03 July 2010

First Trip to iBooks

So, I load up iBooks for the first time and find that three of the top ten paid books are by Mormons, two by Stephenie Meyer and one by Glenn Beck (a novel, ghostwritten). I've puzzled on this before. Mormons seem to have a disproportionate presence in politics, popular fiction, and multilevel marketing companies. In all those areas we are consistently an embarrassment. Can someone decode this for me?

Apple is reported to have added 30,000 free titles from Project Gutenberg. Searching for "Gutenberg" will get you to quite a few. But trying Treasure Island out on the iBook reader, it doesn't impress me. There are basically no configuration options. Parts of the copy of I downloaded do not scale to portrait orientation, so you have read it landscape, ten lines at a time. When you change orientation, the iBook reader takes a five full seconds to respond. The book has plates, but again, they only display landscape and are a bit scrambled. Etc., etc. Stanza beats this reader to pieces. Color me unimpressed.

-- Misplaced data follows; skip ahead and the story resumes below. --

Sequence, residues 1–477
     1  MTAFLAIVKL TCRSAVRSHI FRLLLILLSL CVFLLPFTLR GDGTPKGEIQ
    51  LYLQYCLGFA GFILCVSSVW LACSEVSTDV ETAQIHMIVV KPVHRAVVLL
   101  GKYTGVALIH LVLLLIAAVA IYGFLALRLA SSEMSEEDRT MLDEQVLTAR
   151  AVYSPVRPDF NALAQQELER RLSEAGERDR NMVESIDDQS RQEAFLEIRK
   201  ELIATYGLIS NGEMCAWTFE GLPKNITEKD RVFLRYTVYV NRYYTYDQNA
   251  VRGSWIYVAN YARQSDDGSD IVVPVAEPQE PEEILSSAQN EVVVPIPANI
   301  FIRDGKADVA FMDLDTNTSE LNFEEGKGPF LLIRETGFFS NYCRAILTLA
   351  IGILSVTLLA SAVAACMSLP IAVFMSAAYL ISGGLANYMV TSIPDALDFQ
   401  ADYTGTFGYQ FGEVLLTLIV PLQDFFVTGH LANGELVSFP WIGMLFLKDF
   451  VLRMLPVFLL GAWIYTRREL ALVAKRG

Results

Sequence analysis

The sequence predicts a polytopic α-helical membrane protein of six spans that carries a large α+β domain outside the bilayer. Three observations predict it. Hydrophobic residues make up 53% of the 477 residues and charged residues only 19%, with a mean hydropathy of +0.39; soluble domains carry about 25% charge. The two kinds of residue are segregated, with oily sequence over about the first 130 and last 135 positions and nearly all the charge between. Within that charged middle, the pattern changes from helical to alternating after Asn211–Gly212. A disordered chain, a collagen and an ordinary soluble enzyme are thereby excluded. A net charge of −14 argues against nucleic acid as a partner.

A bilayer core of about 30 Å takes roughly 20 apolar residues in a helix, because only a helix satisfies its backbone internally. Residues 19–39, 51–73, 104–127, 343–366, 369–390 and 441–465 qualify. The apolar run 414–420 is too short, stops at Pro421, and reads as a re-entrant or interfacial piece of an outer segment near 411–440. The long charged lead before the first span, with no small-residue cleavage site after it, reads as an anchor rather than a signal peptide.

1 comment:

Mister Fweem said...

My beef with iBooks is that they're carrying over an anachronism from printed books -- making me "turn the page" to continue. I'm constantly flicking at the screen as if I were wiping bugs off. I want to SCROLL through my books; that movement seems more natural to these devices.

True, the Kindle doesn't let you scroll -- but they let you "turn" the page by pressing a button. That's a lot easier than pecking constantly at the screen.

It's odd that Apple would make this choice -- they're typically better at UI than other companies, but they seem to be stuck in the same "give them all the print book gimmicks" rut that others are in, without taking full advantage of the technology.

I look at my scripture apps. They let me scroll, pinch and expand to enlarge, do all sorts of fun things with the text to make it legible and easy to get through. Why didn't that translate over to the books? It can't be that expensive to do . . .